In early 1988, at the beginning of the uprising in the Gaza Strip and West Bank, Yasser Arafat convened the Palestinian leadership at PLO headquarters in Tunis. The leaders were surprised by the intensity of the events that had started a few weeks earlier in December 1987.
Several participants at the meeting acknowledged that they were impressed by events on the ground, and that the Palestinians who remained in their homeland were willing to sacrifice their lives for their freedom and independence.
Arafat and others admitted that they had busied themselves too much with foreign relations, internal power struggles and reviving the military machine of the various Palestinian factions. This, after all, came after the expulsion of PLO forces from Beirut and southern Lebanon after the war with Israel that started in June 1982.
The resolution taken at that meeting was clear: a model of popular resistance while supporting political and financial resistance. The uprising quickly became known as the intifada, and the world again saw pictures of soldiers of the strongest army in the Middle East chasing children throwing stones in the alleys of places like the Jabalya refugee camp and Nablus.
Israel also went through a mindset shift, which led to a change of government in an election. A few years later this resulted in the signing of the Oslo Accords on the White House lawn. These accords were supposed to lead to the creation of a Palestinian state alongside Israel.
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Twenty-five years have passed and the young people of that intifada are now fathers and grandfathers. The generation that was born with the foundation of the Palestinian Authority in the West Bank and Gaza, realizing that the Palestinians were within striking distance of a state and self-determination, was the generation that stood near the fence Friday and Saturday. Young people stood opposite soldiers and snipers, while their cousins in the West Bank stood opposite soldiers at checkpoints.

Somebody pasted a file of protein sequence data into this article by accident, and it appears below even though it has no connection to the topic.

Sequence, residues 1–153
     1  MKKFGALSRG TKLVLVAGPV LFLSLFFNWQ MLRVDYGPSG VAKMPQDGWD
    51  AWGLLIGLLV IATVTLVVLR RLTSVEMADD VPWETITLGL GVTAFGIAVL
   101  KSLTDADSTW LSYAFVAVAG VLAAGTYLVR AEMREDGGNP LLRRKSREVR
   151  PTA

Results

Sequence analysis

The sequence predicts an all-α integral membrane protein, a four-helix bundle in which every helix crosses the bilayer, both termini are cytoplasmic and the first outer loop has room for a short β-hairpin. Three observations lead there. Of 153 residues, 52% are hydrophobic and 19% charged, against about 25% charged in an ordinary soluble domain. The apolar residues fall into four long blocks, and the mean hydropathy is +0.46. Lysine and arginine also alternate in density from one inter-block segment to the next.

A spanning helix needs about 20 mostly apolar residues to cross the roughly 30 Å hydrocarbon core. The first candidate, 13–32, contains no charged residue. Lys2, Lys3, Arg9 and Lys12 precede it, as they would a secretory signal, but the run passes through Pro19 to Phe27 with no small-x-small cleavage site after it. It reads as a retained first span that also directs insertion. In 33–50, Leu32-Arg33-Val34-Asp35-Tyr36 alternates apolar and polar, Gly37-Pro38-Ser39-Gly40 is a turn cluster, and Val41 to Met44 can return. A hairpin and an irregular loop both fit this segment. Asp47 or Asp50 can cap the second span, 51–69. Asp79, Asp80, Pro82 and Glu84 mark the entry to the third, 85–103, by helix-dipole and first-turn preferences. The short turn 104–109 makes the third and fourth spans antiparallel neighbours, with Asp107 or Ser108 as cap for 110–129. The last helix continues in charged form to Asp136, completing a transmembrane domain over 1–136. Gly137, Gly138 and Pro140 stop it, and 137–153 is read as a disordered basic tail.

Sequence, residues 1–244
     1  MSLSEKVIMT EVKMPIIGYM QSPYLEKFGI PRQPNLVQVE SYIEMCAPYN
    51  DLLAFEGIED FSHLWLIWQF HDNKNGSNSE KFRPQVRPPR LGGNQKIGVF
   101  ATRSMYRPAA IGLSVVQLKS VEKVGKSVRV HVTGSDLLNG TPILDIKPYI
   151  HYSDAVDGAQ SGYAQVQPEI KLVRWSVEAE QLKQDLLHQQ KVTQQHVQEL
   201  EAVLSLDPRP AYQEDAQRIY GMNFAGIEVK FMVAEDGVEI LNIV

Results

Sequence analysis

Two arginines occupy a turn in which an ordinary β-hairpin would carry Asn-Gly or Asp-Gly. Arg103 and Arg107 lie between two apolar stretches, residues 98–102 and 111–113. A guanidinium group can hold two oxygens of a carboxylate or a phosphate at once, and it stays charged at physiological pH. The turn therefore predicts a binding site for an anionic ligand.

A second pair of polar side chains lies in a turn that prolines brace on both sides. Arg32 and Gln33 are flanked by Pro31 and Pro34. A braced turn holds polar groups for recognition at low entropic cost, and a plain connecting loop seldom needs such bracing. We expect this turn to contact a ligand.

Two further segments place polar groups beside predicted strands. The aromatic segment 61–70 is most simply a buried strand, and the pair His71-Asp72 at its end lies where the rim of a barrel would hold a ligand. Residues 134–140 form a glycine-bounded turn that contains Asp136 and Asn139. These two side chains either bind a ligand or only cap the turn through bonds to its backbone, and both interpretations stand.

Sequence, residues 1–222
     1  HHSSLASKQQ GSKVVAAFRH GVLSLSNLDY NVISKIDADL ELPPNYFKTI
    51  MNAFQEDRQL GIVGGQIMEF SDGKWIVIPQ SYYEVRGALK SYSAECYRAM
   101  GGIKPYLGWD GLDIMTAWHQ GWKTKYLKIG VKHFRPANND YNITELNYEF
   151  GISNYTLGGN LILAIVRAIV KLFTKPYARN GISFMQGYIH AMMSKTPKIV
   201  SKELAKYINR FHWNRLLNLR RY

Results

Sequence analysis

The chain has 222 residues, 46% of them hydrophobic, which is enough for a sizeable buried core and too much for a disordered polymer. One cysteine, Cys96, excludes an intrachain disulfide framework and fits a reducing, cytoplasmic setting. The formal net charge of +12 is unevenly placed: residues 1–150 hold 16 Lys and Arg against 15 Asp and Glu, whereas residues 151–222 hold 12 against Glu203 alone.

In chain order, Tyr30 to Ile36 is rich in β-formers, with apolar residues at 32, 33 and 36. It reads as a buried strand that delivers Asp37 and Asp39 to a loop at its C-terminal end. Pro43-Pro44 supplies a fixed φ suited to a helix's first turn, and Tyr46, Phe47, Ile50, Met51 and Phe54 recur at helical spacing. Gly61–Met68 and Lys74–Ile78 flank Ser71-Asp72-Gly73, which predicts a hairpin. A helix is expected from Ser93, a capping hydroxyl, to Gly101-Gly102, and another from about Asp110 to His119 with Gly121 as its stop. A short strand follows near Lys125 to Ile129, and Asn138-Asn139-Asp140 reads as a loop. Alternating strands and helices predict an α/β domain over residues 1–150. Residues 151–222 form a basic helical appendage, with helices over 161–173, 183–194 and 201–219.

A generation that grew up with hope is now plagued by frustration and fury, seeing its dream dissipate. Instead of a state there is talk of an economic-peace model – of work, making a living and easing the closure on Gaza.
Just as four decades ago, the Palestinians, especially the young generation, are proving that they’re willing to make sacrifices and fight for issues of principle in the Palestinian narrative, mainly the right of return.
A key difference between 2018 and 1987 is the guiding hand of the leadership. Ismail Haniyeh and other Hamas leaders, as well as Mahmoud Abbas and other PA leaders, can continue trading accusations. Each side can claim that its way and strategy is correct, but ultimately the historic responsibility lies on these leaders’ shoulders.
They must say where they are leading their people. If they see themselves as leaders truly determined to advance Palestinian interests, they must prove to their people, including the generation of frustrated young people, that true leadership means striving to attain the nation’s goal, not the goal of the faction you head. Events on the ground should be exploited with the purpose of attaining a diplomatic goal that serves everyone, not just Hamas or Fatah.
The question of what to do next has often faced Palestinian leaders over the past 50 years, and it’s a burning question once again. The leadership should resolve divisive issues and achieve a reconciliation, knowing where it’s headed. Otherwise the blood spilled over the weekend will have been spilled in vain, with one more Palestinian generation frustrated.